How to pick the most ‘dolphin-safe’ tuna
Here's what the logos and keywords on that can of tuna mean.
With so many marketing labels on cans of tuna, it can be confusing trying to decipher what’s inside—especially if you’re a conscientious shopper seeking the trifecta of environmentally friendly, sustainable, and socially responsible. Here’s what you need to know to make choices that prevent tuna stocks from being depleted and conserve marine life.
Most grocery aisles feature two main kinds of canned tuna: “chunk” or “solid” white, and “chunk light.”
Solid white and chunk white tuna is albacore, which has a mild taste and steak-like texture. Found in tropical and warm temperate waters of the Pacific, Atlantic, and Indian Oceans, albacore tuna is listed as near threatened by the International Union for Conservation of Nature (IUCN) because of overfishing.
Chunk light tuna (darker in color with a stronger flavor) is typically skipjack or yellowfin. Skipjack tuna are considered to be a more sustainable choice than yellowfin, which are experiencing some population declines.
If you’re concerned about protecting dolphins, sea turtles, sharks, seabirds, and other marine life, pay close attention to how tuna was caught. Pole-caught, troll-caught, and pole-and-line caught tuna generally result in little bycatch. Tuna caught with longlines, purse seining, and fish aggregating devices (FADs), however, are more likely to be associated with the accidental trapping and killing of other animals.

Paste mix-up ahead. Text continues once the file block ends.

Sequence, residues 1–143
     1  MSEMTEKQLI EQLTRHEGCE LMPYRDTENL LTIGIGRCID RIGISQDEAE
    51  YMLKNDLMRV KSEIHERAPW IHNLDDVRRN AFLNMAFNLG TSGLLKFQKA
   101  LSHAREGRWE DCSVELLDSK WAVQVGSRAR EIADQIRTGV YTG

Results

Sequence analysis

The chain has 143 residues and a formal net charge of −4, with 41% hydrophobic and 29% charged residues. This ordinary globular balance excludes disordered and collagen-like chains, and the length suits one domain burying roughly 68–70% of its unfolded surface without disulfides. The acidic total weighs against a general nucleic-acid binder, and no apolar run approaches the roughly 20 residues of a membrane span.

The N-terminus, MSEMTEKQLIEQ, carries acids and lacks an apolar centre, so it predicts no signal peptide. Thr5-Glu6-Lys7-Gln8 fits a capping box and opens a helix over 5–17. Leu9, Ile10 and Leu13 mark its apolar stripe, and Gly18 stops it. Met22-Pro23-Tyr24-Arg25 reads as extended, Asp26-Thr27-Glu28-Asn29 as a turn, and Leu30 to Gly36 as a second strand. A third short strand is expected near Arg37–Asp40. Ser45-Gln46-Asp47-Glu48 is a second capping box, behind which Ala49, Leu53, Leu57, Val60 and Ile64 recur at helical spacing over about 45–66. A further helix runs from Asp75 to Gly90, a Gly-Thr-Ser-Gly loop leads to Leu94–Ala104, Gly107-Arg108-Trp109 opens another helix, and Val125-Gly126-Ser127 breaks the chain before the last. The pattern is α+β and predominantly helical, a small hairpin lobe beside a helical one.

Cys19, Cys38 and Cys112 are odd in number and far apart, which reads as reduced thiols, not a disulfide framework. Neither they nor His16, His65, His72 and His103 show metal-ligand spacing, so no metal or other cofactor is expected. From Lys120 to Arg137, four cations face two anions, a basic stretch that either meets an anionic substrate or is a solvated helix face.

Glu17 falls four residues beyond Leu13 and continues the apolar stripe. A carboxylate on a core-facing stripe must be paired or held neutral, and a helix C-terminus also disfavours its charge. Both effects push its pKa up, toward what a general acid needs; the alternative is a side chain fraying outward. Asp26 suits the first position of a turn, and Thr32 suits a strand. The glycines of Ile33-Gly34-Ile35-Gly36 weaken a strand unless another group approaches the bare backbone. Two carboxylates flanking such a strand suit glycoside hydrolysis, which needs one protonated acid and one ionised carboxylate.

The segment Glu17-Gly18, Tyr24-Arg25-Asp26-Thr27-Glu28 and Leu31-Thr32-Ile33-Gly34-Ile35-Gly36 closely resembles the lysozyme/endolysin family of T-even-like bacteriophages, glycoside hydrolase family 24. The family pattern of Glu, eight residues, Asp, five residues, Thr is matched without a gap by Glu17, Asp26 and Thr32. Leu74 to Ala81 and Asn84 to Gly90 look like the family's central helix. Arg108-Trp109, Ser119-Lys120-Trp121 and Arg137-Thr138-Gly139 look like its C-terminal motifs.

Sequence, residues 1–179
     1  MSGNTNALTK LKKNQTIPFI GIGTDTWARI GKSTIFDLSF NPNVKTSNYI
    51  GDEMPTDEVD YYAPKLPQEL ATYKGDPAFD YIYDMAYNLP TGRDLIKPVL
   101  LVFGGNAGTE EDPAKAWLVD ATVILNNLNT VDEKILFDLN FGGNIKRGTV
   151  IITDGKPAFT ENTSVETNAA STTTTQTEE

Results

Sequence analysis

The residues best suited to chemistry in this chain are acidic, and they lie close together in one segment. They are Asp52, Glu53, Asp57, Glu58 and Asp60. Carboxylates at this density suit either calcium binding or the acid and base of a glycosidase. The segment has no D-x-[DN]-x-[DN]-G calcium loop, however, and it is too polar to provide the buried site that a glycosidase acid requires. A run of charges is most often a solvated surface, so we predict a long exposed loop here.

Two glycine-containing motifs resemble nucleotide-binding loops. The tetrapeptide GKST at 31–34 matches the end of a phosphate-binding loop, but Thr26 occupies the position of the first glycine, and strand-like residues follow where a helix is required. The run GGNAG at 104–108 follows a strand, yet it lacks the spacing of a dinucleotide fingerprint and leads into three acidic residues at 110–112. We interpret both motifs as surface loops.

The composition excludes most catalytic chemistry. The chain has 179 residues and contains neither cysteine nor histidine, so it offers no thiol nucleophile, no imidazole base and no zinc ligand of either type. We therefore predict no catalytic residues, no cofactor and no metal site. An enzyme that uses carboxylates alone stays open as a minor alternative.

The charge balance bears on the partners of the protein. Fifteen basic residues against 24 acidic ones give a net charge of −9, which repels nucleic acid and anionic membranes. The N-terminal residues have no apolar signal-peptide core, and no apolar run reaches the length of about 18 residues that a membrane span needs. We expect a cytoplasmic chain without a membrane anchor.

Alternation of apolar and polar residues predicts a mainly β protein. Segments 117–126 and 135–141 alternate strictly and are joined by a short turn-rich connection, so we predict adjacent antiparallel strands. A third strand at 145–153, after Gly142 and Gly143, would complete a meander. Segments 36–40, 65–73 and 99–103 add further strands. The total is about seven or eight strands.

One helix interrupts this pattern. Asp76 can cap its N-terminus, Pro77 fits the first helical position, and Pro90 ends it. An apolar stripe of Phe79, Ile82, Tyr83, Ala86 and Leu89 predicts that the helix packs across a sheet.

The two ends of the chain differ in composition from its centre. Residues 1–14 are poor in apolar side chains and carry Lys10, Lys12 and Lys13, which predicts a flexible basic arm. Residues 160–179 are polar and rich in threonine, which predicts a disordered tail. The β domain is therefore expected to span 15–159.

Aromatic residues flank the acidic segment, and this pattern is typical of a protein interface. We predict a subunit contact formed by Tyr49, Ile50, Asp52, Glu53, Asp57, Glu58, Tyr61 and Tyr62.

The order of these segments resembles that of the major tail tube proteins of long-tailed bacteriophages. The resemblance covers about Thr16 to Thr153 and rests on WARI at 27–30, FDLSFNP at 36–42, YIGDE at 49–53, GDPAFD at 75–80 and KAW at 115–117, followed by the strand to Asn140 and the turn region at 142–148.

A “dolphin safe” label advertises that the tuna was caught in compliance with U.S. laws and regulations to protect dolphins from fishing operations. Tuna companies use several dolphin-safe label variations, including the official Department of Commerce seal and Earth Island Institute’s logo. Earth Island Institute, a nonprofit conservation group, maintains the International Dolphin Safe Monitoring Program, scrutinizing 800 companies in 76 countries to ensure that tuna is caught without chasing or netting dolphins. The group has been criticized, however, as having a conflict of interest for receiving royalties from licensing its ecolabel to tuna companies.
The MSC blue-and-white logo with a fish and a checkmark is the mark of the Marine Stewardship Council, a nonprofit that sets standards for sustainable fishing. Make Stewardship Count, a coalition of conservation groups and scientists, is calling for changes to MSC certification standards to uphold its scientific rigor, transparency, and promise to consumers and retailers that it is the “gold standard of sustainability.” Many environmental groups objected to MSC’s 2017 sustainable certification of Mexico’s tuna fishery, which continues to chase, net, and kill significant numbers of dolphins. MSC, like Earth Island Institute, receives royalties from licensing its ecolabel.
Read more: How dolphin-safe is your tuna, really?